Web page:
By Rudy Lim
Back in 1994, Bill Gates said that banking is necessary, and banks are not. “We are on the cusp of a major shift”, we often hear. The new technologies are finally coming and the society is ready to embrace them. So how does that change all the financial services landscape in the future?
Society asks for what it demands in a particular moment, and we are the masters of how these innovations are implemented in the real world. The impetus and ability for innovation and change are driven by the society: its needs, resources and perhaps most poignantly, its ethos.
The stars of discovery, innovation and integration are rarely ever aligned, especially in finance. A major change is afoot in the banking industry with the dawn of digital revolution driven by new technologies, especially the smart phone.
All of this adds up to some pretty interesting changes. The application of “First Principles Thinking” in financial services means that the traditional models we’ve thought of as the core architecture of banking are being replaced with new values for digital experiences.
Here are my four predictions for banking by 2030
2bn enters financial services with digital bank accounts
Look at our core bank account. In fact, on that basis of the day-to-day bank account, about two to three billion people will come into the financial services between 2010 and 2030. Nearly 95 percent of those will have never visited a bank branch. They will get access to a basic value store on a mobile phone already. Since the creation of the smartphone, 1.4bn people have come into the financial services ecosystem without ever visiting a bank branch (800 million alone in India and a similar number in China.)
Drastic drop in bank branch visits
In the next decade, the bank account itself will be considered an artefact that’s in the cloud or on your phone and not a physical artefact you got from a bank. The way we think of a basic bank account of value store will have changed by 2030. The daily interactions with financial services will be conducted on a digital basis. More people will use digital access to financial services, that will largely hugely reduce visits to all of the branches and all of the human advisers in the world to null.
50% of portfolio managed by robo-advisors
If one wants to grow its business in the future, it has to be based on digital onboarding, digital relationships and digital engagement. One cannot scale a business of the future based on humans. By 2025, from an advice perspective, more people get day-to-day advice through an artificial intelligence on their finances than from a human. By 2030, it’s more than possible that automated asset management where robo-advisors will be managing will be the same size as those managed by human portfolio managers.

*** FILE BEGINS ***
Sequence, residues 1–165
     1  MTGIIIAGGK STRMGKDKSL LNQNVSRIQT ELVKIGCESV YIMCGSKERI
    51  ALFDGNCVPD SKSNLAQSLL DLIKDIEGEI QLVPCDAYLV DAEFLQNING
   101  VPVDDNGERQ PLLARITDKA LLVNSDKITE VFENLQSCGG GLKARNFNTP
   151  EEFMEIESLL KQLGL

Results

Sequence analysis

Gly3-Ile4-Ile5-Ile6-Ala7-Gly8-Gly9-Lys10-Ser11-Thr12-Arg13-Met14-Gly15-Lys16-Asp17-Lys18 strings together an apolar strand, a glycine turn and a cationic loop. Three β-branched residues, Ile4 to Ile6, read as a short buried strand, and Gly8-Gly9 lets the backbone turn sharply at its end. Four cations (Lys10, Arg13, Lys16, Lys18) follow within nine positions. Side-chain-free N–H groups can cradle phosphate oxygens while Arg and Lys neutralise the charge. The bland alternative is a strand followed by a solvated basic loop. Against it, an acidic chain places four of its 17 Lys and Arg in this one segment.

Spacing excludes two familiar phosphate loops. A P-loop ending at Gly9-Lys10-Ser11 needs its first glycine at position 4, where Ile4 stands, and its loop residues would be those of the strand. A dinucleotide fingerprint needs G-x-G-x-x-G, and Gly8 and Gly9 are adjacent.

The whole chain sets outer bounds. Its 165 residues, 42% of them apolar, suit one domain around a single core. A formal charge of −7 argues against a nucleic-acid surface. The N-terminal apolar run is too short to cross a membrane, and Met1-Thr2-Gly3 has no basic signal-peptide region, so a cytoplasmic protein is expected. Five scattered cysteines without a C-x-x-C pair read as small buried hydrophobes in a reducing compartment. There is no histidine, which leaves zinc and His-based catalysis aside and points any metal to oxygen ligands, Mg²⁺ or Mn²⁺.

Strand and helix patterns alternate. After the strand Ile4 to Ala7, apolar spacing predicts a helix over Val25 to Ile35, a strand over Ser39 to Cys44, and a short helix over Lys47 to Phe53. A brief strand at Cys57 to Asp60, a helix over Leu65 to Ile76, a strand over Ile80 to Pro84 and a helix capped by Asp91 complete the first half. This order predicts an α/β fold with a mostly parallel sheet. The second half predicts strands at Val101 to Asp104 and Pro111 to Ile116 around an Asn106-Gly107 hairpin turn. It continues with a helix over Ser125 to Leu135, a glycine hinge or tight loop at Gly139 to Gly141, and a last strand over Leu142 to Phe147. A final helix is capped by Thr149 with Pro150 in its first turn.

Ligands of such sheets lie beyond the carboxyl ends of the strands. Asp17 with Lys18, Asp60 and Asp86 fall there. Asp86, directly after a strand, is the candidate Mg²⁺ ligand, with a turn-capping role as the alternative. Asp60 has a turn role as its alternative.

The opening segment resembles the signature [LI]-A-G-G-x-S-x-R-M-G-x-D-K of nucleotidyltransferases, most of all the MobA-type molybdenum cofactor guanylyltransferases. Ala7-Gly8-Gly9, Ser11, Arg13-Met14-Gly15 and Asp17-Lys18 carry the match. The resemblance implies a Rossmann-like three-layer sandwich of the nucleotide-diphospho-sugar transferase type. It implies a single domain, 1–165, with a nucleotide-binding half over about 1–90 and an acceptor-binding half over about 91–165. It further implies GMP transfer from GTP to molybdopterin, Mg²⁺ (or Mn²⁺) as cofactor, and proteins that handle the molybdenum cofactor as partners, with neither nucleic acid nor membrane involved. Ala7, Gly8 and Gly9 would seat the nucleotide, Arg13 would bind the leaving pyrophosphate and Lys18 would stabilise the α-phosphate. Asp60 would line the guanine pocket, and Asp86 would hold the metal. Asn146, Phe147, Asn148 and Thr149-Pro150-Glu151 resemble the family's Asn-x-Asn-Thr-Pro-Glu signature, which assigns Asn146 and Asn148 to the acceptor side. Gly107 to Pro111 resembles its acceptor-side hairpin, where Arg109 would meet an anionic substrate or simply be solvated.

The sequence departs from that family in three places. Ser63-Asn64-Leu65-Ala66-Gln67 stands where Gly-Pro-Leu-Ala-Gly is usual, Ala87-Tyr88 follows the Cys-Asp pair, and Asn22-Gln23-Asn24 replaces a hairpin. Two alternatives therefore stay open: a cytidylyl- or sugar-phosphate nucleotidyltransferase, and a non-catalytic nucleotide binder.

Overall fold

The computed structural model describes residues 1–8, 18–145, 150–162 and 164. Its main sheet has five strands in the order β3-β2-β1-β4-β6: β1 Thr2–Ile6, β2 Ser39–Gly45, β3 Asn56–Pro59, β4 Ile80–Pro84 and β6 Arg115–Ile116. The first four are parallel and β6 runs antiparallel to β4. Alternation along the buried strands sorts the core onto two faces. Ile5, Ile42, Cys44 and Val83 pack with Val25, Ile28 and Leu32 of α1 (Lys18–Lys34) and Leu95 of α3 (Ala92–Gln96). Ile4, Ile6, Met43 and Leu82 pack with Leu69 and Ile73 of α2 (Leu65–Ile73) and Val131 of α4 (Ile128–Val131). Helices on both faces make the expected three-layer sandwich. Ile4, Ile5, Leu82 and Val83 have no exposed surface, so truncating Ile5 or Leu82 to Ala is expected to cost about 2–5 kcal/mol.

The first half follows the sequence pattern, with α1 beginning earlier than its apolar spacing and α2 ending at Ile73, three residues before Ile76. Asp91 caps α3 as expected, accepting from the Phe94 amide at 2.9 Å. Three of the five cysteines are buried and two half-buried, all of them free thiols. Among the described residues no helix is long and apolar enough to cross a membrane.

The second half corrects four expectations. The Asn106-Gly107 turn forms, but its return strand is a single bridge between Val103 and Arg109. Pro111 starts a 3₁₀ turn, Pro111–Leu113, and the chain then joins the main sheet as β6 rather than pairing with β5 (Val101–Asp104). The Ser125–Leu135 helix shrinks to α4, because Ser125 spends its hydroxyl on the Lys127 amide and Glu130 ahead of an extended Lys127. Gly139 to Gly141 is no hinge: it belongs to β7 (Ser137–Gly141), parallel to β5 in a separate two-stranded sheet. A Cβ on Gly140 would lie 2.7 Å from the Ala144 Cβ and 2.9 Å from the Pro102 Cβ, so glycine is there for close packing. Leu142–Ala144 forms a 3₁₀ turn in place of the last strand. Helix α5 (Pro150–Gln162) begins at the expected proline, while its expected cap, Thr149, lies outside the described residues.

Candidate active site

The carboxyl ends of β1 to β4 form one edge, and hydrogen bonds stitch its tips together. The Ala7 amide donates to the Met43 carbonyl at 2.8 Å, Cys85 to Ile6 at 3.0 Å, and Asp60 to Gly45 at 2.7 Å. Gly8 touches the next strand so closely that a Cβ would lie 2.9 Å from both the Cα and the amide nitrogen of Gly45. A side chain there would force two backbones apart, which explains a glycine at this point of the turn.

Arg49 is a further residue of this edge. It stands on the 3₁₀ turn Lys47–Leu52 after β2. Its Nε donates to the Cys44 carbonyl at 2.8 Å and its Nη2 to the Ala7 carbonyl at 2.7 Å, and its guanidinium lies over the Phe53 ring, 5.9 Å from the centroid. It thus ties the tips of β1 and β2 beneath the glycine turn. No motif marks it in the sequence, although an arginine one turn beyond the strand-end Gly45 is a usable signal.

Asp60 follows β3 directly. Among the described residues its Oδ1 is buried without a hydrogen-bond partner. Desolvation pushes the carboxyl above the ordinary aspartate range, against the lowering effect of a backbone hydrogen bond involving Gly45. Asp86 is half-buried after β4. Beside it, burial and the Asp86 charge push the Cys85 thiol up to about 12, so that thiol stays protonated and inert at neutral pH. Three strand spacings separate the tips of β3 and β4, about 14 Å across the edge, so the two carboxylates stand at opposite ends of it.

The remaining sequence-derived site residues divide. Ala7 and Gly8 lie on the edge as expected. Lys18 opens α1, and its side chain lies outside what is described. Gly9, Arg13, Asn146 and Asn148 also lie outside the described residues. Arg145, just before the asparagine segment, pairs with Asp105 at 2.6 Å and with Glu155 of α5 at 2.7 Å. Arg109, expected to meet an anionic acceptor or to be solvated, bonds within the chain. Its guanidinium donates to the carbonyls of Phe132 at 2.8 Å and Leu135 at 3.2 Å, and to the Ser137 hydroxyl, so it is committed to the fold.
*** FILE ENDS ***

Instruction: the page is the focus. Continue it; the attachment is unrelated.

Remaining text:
Ant Financial as the world’s largest financial institution
If we were Steve Jobs or Jack Ma, we did probably say, we’d start from scratch, we use “first principles thinking” because the fastest scaling financial services organizations in the world today are digital. That enables them to scale up very rapidly. And as a result of that, digital bank like Ant financial are going to be worth twice what ICBC is worth, making them the biggest financial services organization in the world by 2030.
In moving forward, we are always on the edge of embracing or rejecting change. Retrospectively, we can probably admit that we have sometimes rejected ideas that are now widely adopted simply because they sat outside of our comfort zones.
Every single one of us spends a significant amount of our day wondering and questioning the world around us. Why are there so many coffee shops in this building, is there a more efficient way to disseminate information to my clients, will I live to see a sustainable settlement on Mars? With a strong sense of social need, some of our most heartfelt ideas find themselves on repeat in our minds.
Our innate inquisitiveness, teamed with the right resources (capital, materials, skilled personnel, networks for instance) will see the ideas that only existed in our minds worked on and even realized.
However, enabling both our ideas and the resources available to us is our ethos. Are we receptive to new ideas and methods, and are we willing to be active contributors to an ecosystem of innovation and change? Especially so in highly regulated industry such as banking and finance, initiating a new system or even simply presenting an upgrade to an existing one can be a strong deterrent to many, because of the hassle and potential failures involved in doing so. Yet, so much that we enjoy today may never have come to life if the men and women leading the charge had stopped at merely having an idea.
About the Author:
Rudy Lim was formerly the Head of Fintech at Singaporean bank DBS. Over the past decade, Rudy has encountered entrepreneurs at all stages of growth, both locally and globally, in his dual capacity as investor and mentor. He stands firmly by the notion that technology should be used to create value for society. Rudy’s role at DBS allowed him to further this notion. In order to disrupt traditional means of banking and maintain DBS’ foothold as the leading bank in the region, he helped lead DBS’s mission to integrate FinTech solutions into DBS’ core business. Prior to joining DBS, Rudy was with Singapore Press Holdings (SPH) as a venture capitalist and dealt with strategic innovations. There, he worked closely with media startups to develop new business models and generated fresh revenue streams across SPH’s extensive range of media and engagement platforms. FinTech Guru invites opinion pieces on big-picture changes occurring at the intersection of tech and finance.